At Large : What's the smart money thinking about your real estate?
There's a certain type of person whose most approving judgment about someone else is that he or she is "very bright" or "brilliant." Those of us who endorsed candidate Barack Obama thought he was on the spectrum somewhere between the one and the other. We thought candidate John McCain occupied some other place on that spectrum, and he reinforced our judgment by bad management of his campaign effort, bad choices along the way, and foolishness when the 2008 financial panic turned the presidential election campaign into a one-issue competition.
So we went with the smart guy, and three years later we're left wondering if we measured wrong, or used the wrong measuring stick. Maybe an intelligent candidate who features humility, prudence, and clarity, instead of the antonyms to each of these would have done better.
But very smart, even brilliant, people pleasure themselves daily by telling the rest of us what to do and predicting what will happen if we follow instructions, if we hate the ideas and the people the instructors tell us to reject, and embrace the ideas they tell us to embrace.
The blinding truth, detectable by even those of us with common intelligence, is that these peerless ones are often wrong. For instance, a lot of the smartest people in the room lost billions of their own money and a whole bunch of yours Monday in the stock market. They had done the same in the 2007-2009 period also, but they didn't learn from the experience. And, it's possible that of the few who survived the previous rout and Monday's encore, or even made some money on both occasions, were nothing more than lucky. Even the smart ones need some luck now and then, although they certainly wouldn't admit it.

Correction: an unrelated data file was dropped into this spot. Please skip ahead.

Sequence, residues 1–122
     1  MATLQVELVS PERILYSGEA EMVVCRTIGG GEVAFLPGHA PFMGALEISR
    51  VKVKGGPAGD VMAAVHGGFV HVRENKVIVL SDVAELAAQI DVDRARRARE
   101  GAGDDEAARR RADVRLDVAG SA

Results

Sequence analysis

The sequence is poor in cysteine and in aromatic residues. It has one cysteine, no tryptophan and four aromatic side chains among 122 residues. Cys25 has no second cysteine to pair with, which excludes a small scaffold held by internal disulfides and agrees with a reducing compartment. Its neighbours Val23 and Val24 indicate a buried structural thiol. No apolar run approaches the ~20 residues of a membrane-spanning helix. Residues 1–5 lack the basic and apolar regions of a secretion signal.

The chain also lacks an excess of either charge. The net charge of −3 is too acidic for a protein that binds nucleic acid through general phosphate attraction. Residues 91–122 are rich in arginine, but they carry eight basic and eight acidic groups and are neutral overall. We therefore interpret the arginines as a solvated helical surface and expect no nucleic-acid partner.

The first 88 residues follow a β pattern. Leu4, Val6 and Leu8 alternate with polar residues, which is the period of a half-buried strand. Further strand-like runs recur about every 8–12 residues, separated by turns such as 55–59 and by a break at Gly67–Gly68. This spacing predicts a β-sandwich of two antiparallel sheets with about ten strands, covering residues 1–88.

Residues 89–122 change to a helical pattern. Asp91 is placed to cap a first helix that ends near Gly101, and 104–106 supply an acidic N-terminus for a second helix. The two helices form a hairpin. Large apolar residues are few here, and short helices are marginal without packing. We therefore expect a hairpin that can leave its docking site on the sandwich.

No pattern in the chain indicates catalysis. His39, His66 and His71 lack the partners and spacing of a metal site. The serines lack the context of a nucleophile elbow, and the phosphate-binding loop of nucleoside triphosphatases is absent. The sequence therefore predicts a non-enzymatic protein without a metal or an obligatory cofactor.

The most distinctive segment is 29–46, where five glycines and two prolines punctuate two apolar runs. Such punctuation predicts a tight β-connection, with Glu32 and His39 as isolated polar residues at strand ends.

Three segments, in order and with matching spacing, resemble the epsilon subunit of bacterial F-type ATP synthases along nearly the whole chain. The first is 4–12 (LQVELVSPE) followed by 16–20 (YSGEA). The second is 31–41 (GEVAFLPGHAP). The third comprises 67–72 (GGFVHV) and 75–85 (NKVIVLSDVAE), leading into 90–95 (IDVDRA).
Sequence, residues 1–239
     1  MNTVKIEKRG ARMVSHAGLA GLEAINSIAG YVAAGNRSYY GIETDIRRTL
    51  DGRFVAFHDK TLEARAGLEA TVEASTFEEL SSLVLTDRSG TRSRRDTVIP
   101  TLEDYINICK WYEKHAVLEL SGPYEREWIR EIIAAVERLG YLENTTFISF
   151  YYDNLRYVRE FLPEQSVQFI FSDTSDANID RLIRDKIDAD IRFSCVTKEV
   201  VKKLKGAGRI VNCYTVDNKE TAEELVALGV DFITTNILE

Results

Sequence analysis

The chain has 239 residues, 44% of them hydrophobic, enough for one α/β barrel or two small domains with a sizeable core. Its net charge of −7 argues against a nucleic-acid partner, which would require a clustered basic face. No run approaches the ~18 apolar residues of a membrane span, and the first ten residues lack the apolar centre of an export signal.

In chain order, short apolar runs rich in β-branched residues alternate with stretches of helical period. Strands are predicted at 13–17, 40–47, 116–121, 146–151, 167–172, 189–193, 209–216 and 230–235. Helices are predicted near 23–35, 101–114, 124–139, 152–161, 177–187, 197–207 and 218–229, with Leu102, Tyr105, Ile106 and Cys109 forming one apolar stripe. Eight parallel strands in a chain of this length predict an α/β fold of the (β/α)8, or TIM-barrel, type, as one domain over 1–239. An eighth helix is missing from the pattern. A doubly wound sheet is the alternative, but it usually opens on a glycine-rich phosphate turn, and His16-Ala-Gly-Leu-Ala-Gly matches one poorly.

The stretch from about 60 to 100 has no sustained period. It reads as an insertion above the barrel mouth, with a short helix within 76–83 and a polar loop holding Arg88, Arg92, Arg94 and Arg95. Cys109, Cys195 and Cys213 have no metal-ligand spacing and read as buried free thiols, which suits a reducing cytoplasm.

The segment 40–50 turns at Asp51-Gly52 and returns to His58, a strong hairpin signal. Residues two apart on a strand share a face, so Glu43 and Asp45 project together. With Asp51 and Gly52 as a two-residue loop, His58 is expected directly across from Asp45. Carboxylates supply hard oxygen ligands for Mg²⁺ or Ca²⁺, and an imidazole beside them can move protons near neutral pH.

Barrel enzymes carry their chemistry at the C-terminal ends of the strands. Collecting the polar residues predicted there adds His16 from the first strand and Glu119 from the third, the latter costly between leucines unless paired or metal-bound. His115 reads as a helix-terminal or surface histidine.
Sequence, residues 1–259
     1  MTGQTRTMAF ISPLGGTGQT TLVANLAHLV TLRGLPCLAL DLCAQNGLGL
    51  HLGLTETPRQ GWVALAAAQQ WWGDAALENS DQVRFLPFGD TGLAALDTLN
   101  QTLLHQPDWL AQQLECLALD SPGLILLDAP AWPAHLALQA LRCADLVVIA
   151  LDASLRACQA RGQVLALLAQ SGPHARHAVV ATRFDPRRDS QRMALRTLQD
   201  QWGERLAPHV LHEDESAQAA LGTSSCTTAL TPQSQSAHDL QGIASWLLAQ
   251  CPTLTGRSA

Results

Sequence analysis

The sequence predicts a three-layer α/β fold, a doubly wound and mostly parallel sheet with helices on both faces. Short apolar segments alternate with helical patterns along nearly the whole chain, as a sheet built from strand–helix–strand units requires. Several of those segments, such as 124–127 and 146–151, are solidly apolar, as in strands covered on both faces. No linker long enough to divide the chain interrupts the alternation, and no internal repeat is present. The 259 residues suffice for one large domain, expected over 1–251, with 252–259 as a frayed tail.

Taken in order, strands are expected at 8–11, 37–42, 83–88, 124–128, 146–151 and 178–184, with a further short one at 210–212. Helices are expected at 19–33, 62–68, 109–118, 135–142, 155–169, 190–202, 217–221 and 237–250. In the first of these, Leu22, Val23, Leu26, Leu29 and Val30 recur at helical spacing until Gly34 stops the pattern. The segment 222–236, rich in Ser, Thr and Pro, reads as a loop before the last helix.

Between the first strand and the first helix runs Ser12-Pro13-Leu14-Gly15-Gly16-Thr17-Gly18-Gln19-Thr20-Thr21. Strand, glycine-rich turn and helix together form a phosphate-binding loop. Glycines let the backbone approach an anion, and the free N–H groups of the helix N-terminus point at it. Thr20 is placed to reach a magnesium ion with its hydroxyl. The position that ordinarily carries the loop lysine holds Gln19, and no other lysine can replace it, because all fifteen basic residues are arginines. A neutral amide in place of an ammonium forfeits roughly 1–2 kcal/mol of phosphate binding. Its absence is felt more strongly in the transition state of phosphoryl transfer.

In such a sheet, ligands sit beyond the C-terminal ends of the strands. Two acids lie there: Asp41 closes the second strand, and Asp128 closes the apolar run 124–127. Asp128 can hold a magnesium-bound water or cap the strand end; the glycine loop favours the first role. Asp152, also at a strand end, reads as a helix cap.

On the home front, the performance of the Vineyard real estate market teaches the same lessons that political leaders and economic forecasters teach us, albeit unwittingly, if we only look carefully. The lesson is, don't throw your heart after the smart ones, look at the data, apply some prudence, and make your own call.
A year ago, most skilled — or at least committed, professional — real estate industry practitioners were hallooing cheerfully about the improved performance, in terms of sales and sales prices, comparing 2010 to 2009. They thought low interest rates, the reliably healthy appetites of wealthy off-Islanders for Island vacation and retirement property, and the improving economy meant that real estate recovery was happening. After all, results for 2010 saw the volume of sales jumping compared with the year before, and the dollar value of the sales jumping too. Of course property inventories, ranging between 750 and 850 offered for sale, continued higher than normal by an order of magnitude. But, hope and change were happening.
The median and mean prices for real estate sales in 2010 were $582,000 and $1.056 million respectively, a jump from $560,000 and $1.017 million the year before. (Figures are from LINK listing service data.) This year, as of the end of June, volume and prices are both down, the former by 16 percent, the latter by 18 percent. The median price of a transaction this year through June is $549,000, and the average is $937,000, each lower than the comparable figure for 2010.
The best a professional observer might venture is that the market has not collapsed. It totters on.
How many sales of land, houses, and commercial property had been concluded through June this year? One hundred seventy-nine. That's 17 percent fewer than the figure for year-to-date June a year ago. If the volume of unit sales were to double in the last half of the year, the total would be about what it was in 1999. The bruising that wealth has taken over the past month and especially Monday, suggests that 1999 benchmark may be tough to match.
What would the smartest people in the room say about all this? Well, they might say that with prices down, the great wide world still hankering after Vineyard property, interest rates low, the market awash in property for sale, and the national economic recovery sputtering along, the industry is poised to make progress, especially if economic conditions on the broader playing field tick up, as they surely will.
What would you — not the smartest but not the dumbest either — say?
You might say, my circumstances are not the same as everyone else's. You might say, I need a little wait and see. You might counsel — to yourself — prudence, humility, and clarity are what I need. You might say, I'll keep my powder dry, for now.
And, of course, you'd be brilliant.